By Aisha Tamba
The government of The Gambia through the National Disaster Management Agency, (NDMA) launched a project to manage climate-related hazards.
They were in collaboration with the Unesco – the UN education, scientific and cultural organisation’s regional office for West Africa.
The project is being funded by the India-UN development partnership fund, entitled ‘using drones and early warning systems for pre-and post-floods disaster management in The Gambia.
The launching was attended by the Vice President Dr Isatou Touray accompanied by other government dignitaries including the regional director for Unesco’s West Africa office.
The executive director of NDMA, Sanna Bairo Dahaba, said the project will help the country achieve blueprints devised in the NDP – the national development program.
“In addition, it will also enhance the establishment of a functional early warning system as well as enhance the reporting Target G of the Sendai Framework for Disaster Risk Reduction 2015 – 2030,” he said.
“The Inter-governmental Panel on Climate Change (IPCC) lists The Gambia among the 100 critical countries most vulnerable to climate change and particularly susceptible to weather related hazards,” the Vice President Dr Isatou Touray said.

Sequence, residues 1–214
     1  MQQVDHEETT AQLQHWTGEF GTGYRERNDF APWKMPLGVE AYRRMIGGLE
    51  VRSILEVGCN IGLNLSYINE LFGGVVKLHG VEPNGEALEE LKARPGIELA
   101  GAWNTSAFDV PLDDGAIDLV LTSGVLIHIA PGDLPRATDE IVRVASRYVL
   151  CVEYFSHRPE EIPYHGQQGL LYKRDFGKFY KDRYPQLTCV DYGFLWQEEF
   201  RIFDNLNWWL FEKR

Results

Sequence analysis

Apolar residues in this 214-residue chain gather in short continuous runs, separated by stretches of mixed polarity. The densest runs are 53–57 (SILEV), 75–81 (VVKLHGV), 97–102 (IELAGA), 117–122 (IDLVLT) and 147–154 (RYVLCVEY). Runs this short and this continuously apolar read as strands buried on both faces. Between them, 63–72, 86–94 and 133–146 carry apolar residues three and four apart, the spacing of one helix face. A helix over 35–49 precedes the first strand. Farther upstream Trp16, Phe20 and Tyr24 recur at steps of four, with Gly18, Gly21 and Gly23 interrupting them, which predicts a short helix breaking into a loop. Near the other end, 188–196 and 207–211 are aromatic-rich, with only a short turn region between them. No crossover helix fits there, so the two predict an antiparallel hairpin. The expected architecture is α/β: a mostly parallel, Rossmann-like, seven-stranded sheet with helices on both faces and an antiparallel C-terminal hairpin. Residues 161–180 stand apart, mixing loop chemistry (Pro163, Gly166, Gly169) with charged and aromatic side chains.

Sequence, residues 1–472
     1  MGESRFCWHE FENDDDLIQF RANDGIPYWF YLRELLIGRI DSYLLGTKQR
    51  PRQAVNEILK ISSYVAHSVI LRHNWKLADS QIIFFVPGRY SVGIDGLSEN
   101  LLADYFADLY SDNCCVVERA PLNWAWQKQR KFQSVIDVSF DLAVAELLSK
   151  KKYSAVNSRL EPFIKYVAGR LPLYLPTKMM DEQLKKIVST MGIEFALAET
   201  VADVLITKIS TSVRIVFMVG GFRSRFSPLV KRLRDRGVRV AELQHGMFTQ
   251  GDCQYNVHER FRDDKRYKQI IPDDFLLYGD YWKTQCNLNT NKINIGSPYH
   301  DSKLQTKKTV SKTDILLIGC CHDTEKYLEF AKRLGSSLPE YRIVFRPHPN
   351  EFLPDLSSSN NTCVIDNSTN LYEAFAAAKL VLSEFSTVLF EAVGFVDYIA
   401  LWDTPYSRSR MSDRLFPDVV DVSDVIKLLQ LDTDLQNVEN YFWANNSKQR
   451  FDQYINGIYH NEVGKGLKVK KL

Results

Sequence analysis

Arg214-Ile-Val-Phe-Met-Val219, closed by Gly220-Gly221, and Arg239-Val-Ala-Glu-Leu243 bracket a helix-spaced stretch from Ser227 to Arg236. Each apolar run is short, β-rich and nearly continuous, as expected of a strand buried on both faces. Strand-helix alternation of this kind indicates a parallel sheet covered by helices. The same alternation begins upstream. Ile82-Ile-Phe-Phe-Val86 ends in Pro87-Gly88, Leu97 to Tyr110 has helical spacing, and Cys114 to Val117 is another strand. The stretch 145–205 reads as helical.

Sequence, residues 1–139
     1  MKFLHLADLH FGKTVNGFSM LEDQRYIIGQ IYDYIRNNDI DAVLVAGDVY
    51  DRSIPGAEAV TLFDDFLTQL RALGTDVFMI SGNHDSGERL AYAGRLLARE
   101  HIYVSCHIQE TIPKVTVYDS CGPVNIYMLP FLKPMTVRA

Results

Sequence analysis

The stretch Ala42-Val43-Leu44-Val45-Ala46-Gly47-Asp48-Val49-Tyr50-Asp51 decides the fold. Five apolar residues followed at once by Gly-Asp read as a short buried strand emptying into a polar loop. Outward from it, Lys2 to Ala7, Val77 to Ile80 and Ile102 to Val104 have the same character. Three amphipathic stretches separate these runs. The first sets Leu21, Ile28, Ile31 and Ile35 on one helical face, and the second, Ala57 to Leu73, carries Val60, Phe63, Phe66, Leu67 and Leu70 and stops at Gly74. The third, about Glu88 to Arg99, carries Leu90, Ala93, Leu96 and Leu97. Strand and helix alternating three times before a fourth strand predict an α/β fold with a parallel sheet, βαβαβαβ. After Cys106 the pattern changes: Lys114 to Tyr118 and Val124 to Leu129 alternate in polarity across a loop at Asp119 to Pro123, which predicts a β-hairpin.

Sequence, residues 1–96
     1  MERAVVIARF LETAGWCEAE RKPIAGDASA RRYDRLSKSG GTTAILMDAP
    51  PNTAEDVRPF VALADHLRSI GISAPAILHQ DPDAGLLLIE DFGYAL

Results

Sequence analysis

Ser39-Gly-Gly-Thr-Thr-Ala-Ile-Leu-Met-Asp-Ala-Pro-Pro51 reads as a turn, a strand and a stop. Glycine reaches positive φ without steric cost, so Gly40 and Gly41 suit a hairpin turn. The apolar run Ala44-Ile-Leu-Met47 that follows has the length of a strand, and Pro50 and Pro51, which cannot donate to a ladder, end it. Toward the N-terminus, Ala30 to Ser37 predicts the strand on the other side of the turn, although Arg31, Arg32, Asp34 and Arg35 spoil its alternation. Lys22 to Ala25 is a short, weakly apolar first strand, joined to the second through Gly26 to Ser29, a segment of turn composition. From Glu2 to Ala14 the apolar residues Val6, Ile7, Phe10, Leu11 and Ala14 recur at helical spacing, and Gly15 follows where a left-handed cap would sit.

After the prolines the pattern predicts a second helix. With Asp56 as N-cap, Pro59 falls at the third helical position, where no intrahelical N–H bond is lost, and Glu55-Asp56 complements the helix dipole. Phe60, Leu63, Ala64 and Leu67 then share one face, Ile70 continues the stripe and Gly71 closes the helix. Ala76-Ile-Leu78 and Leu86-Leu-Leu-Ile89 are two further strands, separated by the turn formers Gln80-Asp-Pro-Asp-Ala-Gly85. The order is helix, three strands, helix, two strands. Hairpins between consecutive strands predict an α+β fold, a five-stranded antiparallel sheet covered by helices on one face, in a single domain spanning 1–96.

Agriculture is the main source of livelihood for majority of Gambians, and the vice president said constant floods affect the livelihoods of more than 70 percent of the population any time it occurs.
She said: “The UN had projected in its UN Country Team Harmonised Framework of support to The Gambia that in 2018 43,000 persons will require direct lifeline and 350,000 people shall be affected by disasters that include loss of productivity and food insecurity.”
She said since 2015 the country has been encountering a number of hazards affecting lives and livelihood, calling it one of the major threats in the country with a significant increase in the number of people affected.
Unicef resident representative to The Gambia Ms Sandra Lattouf, noted that the project is key to the attainment of national socio-economic development as it is expected to improve institutions and communities disaster preparedness and management capabilities.
“By mitigating the impact of natural hazards, we protect the environment, improve agricultural productivity and improve lives and livelihoods,” she disclosed.
The project also seeks to develop the capacity and readiness of the country in developing drones to commence disaster and climate risk assessments, and expedite rapid identification of damage to the physical environment and of endangered individuals in post-disaster situations.
It will also strengthen the warning system for floods across the country, including vulnerabilities, data collection, integration, analysis and communication of alerts or requests for action.